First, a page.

"Well I actually feel quite comfortable in this Neuland," Social Democratic Party leader Sigmar Gabriel posted on Twitter.

On Facebook, the Pirate Party quickly posted the sound bite and a photo of Merkel looking somewhat perplexed at small computer screen, next to a young woman, and the tagline "Am I already online?," echoing an old 90s AOL ad campaign in Germany. At the bottom it says. "Somebody for whom the Internet is still Neuland in 2013 should not be deciding the future of Germany."

A columnist for Die Zeit also suggested the word choice was a weak justification for broad surveillance, and wrote that it mirrored a weak Internet policy of Merkel's government that sees the web as a source of danger rather than of potential.

Some observers, including among influential media, did take the opposite view, pointing out that the Internet is still uncharted as far as the law is concerned in many respects. Later, Merkel Press Secretary Steffen Seibert felt the need to jump in on Twitter: "Regarding the Neuland-discussion: What is at issue for the chancellor -- The Internet is legal and political new territory, we sense that daily in political dealings."

Merkel wasn't the only one to cause a fuss. Obama also took some flak for his remarks at the Brandenburg Gate, in which he said — in response to protests against government surveillance — that leaders are obliged to "listen to the voices who disagree with us."


"We must accept the challenge that all of us in democratic governments face," the president said, "to listen to the voices who disagree with us; to have an open debate about how we use our powers and how we must constrain them; and to always remember that government exists to serve the power of the individual, and not the other way around. That's what makes us who we are, and that's what makes us different from those on the other side of the wall."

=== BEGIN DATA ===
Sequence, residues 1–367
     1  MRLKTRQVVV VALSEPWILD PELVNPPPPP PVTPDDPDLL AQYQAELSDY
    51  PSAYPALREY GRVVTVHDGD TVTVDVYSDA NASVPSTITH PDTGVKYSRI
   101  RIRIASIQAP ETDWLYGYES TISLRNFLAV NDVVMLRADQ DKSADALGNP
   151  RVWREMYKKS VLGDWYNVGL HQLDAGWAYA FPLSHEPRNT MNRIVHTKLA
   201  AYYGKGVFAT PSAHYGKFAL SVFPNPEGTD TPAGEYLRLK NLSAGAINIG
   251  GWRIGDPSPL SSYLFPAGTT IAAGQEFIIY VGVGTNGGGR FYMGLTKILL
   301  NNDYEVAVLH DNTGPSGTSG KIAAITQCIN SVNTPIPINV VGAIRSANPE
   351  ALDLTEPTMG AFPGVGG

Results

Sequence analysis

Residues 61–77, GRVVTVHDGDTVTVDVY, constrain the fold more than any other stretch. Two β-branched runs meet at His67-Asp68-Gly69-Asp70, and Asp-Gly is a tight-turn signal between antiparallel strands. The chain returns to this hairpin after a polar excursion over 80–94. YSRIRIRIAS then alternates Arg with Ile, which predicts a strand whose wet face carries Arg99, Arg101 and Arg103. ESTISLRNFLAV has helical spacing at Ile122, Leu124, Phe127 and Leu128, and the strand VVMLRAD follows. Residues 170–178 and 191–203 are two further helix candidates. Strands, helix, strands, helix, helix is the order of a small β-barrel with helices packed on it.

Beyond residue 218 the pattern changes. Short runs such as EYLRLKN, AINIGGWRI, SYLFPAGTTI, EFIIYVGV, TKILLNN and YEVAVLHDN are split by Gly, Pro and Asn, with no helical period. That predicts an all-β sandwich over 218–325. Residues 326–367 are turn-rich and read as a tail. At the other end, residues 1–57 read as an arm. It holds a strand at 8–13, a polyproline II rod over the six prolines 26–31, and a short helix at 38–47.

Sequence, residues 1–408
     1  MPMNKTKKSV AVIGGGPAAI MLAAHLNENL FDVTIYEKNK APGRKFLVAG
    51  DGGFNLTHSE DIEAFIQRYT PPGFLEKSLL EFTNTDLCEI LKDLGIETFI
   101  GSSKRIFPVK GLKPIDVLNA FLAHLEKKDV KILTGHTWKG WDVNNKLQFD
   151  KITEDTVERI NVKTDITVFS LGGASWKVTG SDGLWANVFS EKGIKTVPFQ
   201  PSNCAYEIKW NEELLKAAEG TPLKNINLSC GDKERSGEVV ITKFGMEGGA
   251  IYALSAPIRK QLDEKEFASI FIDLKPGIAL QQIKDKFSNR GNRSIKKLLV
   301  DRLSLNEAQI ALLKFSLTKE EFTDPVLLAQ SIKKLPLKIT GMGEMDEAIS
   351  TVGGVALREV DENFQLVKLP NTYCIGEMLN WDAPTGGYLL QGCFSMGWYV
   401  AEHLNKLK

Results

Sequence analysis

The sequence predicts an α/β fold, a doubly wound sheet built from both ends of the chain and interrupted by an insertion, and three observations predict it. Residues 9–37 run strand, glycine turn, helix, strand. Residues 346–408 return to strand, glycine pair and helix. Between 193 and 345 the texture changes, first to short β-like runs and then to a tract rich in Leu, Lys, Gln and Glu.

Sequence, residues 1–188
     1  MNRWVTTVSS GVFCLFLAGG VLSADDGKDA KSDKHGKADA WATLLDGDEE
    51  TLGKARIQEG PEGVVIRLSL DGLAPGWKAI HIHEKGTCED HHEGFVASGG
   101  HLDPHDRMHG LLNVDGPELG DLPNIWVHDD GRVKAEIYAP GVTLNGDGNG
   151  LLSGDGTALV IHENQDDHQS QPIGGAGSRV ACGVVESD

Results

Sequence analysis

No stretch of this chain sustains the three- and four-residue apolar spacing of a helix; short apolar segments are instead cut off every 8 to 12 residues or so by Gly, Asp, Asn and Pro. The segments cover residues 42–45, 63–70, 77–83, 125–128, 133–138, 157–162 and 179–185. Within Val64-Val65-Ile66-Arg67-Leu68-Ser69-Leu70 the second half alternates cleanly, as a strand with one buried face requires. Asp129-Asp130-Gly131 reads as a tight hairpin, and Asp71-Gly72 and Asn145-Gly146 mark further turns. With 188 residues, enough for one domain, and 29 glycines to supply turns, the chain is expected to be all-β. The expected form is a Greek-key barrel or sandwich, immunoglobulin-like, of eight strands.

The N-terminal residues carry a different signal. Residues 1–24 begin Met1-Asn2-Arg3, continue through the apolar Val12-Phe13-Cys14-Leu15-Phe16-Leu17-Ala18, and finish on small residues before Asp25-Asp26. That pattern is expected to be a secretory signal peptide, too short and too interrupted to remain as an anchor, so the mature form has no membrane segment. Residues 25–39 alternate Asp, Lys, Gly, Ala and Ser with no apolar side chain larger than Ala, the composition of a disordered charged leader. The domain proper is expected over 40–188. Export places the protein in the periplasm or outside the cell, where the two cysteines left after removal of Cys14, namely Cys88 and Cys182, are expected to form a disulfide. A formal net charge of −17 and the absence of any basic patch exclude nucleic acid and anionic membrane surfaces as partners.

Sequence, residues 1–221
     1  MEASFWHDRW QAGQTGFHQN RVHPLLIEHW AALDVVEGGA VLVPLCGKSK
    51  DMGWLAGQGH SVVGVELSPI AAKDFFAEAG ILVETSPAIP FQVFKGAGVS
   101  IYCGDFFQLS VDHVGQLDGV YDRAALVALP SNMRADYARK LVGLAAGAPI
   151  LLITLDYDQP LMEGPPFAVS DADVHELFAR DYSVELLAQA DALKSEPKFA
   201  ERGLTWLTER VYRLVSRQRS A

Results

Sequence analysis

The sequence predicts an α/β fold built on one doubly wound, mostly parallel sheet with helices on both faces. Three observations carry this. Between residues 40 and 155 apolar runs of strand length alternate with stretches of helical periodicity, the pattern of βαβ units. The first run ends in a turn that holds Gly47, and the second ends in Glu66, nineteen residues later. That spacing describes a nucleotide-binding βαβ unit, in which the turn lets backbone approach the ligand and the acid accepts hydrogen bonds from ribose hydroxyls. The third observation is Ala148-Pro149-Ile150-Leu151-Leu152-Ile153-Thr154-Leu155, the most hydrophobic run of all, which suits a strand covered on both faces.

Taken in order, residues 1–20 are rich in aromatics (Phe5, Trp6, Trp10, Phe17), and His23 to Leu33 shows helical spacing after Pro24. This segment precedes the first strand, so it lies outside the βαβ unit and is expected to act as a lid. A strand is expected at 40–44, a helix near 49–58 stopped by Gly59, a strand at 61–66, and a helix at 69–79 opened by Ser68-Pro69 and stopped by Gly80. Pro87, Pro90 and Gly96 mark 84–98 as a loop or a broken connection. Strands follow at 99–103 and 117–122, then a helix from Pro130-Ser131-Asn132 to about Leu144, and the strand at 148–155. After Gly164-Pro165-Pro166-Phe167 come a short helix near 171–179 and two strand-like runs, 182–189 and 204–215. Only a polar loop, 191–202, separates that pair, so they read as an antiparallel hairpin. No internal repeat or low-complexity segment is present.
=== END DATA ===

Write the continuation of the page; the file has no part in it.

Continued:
"'Listen to the voices of those we disagree with' can be interpreted in different ways in the context of #PRISM," wrote Mathias Schindler, a project manager for Wikimedia Germany.

"'Listen to the voices of those we disagree with.' - That can also be understood in the wrong way. #prism. #obamainberlin," wrote Daniel Mack, a net policy spokesperson for the Greens in the state of Hessen.

Journalist Richard Gutjahr wrote, "‘We must listen to the voices’ has that light ambigous touch of a double meaning. #Imjustsaying #obama

Ahead of Obama's visit, the New York Times' Roger Cohen had warned in a column titled "Obama's German Storm" that the President would face challenges in addressing the German public in the context of the surveillance revelations.

"No nation, after the Nazis and the Stasi, has such intense feelings about personal privacy as Germany," Cohen noted.

The front page of today's German tabloid Bild included several mock suggestions for lines Obama might deliver, including "I know what you did on Facebook yesterday."

Tuesday, members of the activist group Digital Gesellschaft demonstrated by the old Checkpoint Charlie against the surveillance practices under the tagline "Yes We Scan," linking Obama to Stasi practices and suggesting that "Privacy ends here" with entrance into the old "American Sector."

Members of the Pirate Party also planned to demonstrate on Wednesday closer to the site of the speech, although reports indicate that widespread road blocks were complicating many demonstration efforts, on a day that also saw very high temperatures in Berlin.